How to Navigate Winter Darkness

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As the light shifts to lower intensity and the weather begins to ebb and flow, we are invited to more skillfully engage with daily life. In the past, human beings were much more attuned to the rhythm and patterns of the natural world, whereas today, while we are still affected by these same natural currents, we tend to be more insulated from what is actually going on. When that is so, it tends to have negative consequences around mood, energy, and overall wellbeing.

The good news is that humans are resilient, adaptable, and—with the right plan in place—can navigate and see clearly through even in the darkest of storms. To stay the course during these next months of winter, consider exploring the following techniques. Don’t worry about engaging them all at once. Pick one or two and notice what shifts. After that, stick with these or start to add one more. Baby steps, lots of compassion, and if you fall off track no big deal, simply begin again.

Move your body

Move your body at least four times a week for 30 to 45 minutes (including some weight training). This will provide more reduced inflammation, lowered blood pressure, increased metabolism & blood circulation, better sexual vitality, enhanced sleep, and increased executive functionality in the brain.

Eat less sugar, more whole foods

Reduce sugar consumption and refined/processed foods. If you do need something sweet, try including more sweet spices in your cooking (cinnamon, cardamom, nutmeg, cloves), sweet veggies (carrots, sweet potatoes/yams, cooked onions, parsnips, etc.), and higher quality sugars (dates, coconut nectar, maple syrup, raw honey), but still in moderation.

Get enough protein

Ensure you are consuming enough protein (from any and all sources that work with your personal nutrition choices, such as fermented soy, legumes, nuts/seeds, low mercury fish, and grass fed animal sources), which means you are also getting ample essential amino acids. Low mood, fatigue, and sleep disruption can correlate to lack of high-quality protein.

Omega 3’s are key

Consume enough omega 3’s from real, whole food sources (try clean non-toxic fish in order to get a broader spectrum of nutrients). If you are vegan, you can use a marine algae omega 3’s which is the only vegetarian source that provides both Eicosapentaenoic acid (EPA) and docosahexaenoic acid (DHA)—together, the backbone of omega 3’s health-giving benefits.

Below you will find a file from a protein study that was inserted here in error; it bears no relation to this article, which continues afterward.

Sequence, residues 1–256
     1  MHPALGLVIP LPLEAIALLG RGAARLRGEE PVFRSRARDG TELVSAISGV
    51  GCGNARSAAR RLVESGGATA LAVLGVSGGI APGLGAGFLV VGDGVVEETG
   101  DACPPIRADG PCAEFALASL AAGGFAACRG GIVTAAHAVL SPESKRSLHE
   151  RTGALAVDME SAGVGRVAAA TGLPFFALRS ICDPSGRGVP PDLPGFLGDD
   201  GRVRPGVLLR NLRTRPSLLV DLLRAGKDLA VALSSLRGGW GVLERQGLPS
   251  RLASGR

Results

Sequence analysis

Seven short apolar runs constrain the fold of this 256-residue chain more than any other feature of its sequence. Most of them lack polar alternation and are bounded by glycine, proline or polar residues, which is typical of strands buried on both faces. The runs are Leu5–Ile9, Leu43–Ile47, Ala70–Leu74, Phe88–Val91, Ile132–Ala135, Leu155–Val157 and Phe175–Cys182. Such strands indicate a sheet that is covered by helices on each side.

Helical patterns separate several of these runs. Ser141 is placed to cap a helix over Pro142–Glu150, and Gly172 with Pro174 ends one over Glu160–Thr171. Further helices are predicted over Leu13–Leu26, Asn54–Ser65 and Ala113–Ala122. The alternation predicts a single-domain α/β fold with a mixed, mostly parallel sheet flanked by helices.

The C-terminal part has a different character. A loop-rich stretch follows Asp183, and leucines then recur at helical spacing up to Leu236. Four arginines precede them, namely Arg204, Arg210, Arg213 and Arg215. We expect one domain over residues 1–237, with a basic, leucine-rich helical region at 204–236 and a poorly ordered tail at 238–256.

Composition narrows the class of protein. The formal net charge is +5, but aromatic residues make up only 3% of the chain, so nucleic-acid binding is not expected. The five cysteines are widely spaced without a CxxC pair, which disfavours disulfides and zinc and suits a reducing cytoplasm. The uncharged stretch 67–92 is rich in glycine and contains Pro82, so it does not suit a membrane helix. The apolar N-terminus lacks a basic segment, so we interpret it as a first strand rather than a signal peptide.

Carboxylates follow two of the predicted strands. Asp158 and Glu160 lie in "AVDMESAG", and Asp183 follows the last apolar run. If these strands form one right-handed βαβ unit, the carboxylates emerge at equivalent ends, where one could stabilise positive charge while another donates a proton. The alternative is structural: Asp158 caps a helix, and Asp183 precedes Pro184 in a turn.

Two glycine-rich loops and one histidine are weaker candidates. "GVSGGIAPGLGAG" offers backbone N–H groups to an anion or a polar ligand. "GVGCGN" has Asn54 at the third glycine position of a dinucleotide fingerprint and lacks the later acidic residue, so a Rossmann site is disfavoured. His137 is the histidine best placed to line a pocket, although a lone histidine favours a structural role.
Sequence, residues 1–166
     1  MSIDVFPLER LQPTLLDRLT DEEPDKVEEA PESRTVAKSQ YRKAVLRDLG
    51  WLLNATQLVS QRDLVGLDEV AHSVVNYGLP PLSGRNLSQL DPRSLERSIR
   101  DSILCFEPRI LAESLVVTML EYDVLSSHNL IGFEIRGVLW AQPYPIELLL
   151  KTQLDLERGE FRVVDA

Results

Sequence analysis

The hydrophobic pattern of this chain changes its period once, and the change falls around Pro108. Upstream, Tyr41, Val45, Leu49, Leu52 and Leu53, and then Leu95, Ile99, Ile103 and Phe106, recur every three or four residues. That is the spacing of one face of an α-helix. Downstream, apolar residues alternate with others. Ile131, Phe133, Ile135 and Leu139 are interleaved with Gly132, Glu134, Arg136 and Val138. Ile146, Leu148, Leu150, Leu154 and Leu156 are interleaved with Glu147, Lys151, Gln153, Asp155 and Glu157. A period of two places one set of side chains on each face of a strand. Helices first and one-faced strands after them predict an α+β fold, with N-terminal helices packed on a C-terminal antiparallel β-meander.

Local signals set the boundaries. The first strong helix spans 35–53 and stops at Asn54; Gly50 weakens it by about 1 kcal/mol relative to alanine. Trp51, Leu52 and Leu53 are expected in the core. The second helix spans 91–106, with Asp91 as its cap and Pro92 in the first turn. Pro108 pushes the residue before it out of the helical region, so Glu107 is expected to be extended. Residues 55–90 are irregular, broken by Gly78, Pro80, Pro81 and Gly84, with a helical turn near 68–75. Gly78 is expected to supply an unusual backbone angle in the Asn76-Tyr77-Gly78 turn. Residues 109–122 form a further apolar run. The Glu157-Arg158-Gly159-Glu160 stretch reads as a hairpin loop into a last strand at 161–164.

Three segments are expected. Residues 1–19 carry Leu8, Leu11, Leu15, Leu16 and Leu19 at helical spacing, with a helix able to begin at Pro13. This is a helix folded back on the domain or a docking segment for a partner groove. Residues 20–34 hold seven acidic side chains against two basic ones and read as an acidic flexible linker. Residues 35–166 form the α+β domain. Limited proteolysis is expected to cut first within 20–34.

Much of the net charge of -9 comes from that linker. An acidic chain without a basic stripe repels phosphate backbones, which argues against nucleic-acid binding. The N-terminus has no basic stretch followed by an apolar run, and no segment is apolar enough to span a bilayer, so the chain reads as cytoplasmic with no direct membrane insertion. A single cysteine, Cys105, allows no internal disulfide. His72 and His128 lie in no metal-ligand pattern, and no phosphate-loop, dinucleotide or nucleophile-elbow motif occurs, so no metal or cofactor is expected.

Prioritize winding down

Carve out time to wind down, get enough high-quality sleep, connect with family and friends, and enact self-care rituals for stress reduction (make soup, read a book, walk in nature, walk your legs up the wall, breathe deeply for three minutes, or host a potluck).

Check the chemicals in your life

Do a chemical toxicity inventory of your life (What is off-gassing? What chemicals are you putting on your skin?). Download Thinking Dirty app and scan barcodes of your household products.

Focus on fiber and good gut health

Take care of your gut health by remembering to consume probiotics and prebiotic/fermentable fiber foods such as garlic, leeks, onions, scallions, shallots, artichoke, Jerusalem artichoke, asparagus, bamboo shoot, beets, burdock root, savoy cabbage, cassava, cauliflower, celery, chicory and dandelion root, daikon, fennel bulb, collards, dandelion, kale, mustard, spinach, jicama, mushrooms, okra, butternut squash, sweet potato and yam.

Light makes right

Engage in light therapy to stave off seasonal affective disorder (SAD). Thought to be caused by the effect of reduced natural daylight on brain chemicals that regulate our sleep patterns and mood, SAD can be addressed by exposure to high intensity white fluorescent light (10,000 lux) for approximately 30 minutes a day.

Danny Arguetty, M.A., is the mindfulness program manager at the University of Washington, a yoga teacher (and teacher trainer), nutrition/life coach, and a lover of the environment. He is the author of Nourishing the Teacher and The 6 Qualities of Consciousness. Passionate about helping people flourish through mindfulness, wellness, and personal self-development, he has over a decade’s worth of experience in group facilitation, one-on-one coaching, and experiential teaching.

Danny has guided workshops throughout the United States, led basic and advanced yoga trainings in the U.S. and India, and spoken at Facebook, Olson Kundig, and Gravity Payments (all in Seattle). He served as adjunct faculty at Williams College, leads a quarterly course on Intro to Mindfulness at UW, and is a faculty member at Kripalu Center for Yoga & Health. 

Read more about Danny and his work here.